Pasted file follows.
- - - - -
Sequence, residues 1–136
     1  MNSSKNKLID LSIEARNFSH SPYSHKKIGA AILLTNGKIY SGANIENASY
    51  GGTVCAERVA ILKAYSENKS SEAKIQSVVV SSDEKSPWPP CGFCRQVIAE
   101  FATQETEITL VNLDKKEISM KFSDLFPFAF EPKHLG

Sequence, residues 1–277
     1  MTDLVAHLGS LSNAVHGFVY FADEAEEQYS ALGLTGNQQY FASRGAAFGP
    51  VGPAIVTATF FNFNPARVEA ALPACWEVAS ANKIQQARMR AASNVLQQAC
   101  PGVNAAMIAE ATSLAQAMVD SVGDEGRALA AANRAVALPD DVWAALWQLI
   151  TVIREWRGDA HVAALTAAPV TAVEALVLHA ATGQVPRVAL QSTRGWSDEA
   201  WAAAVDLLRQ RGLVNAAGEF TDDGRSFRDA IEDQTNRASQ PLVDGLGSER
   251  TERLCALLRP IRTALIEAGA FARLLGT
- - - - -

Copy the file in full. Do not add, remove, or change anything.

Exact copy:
Sequence, residues 1–136
     1  MNSSKNKLID LSIEARNFSH SPYSHKKIGA AILLTNGKIY SGANIENASY
    51  GGTVCAERVA ILKAYSENKS SEAKIQSVVV SSDEKSPWPP CGFCRQVIAE
   101  FATQETEITL VNLDKKEISM KFSDLFPFAF EPKHLG

Sequence, residues 1–277
     1  MTDLVAHLGS LSNAVHGFVY FADEAEEQYS ALGLTGNQQY FASRGAAFGP
    51  VGPAIVTATF FNFNPARVEA ALPACWEVAS ANKIQQARMR AASNVLQQAC
   101  PGVNAAMIAE ATSLAQAMVD SVGDEGRALA AANRAVALPD DVWAALWQLI
   151  TVIREWRGDA HVAALTAAPV TAVEALVLHA ATGQVPRVAL QSTRGWSDEA
   201  WAAAVDLLRQ RGLVNAAGEF TDDGRSFRDA IEDQTNRASQ PLVDGLGSER
   251  TERLCALLRP IRTALIEAGA FARLLGT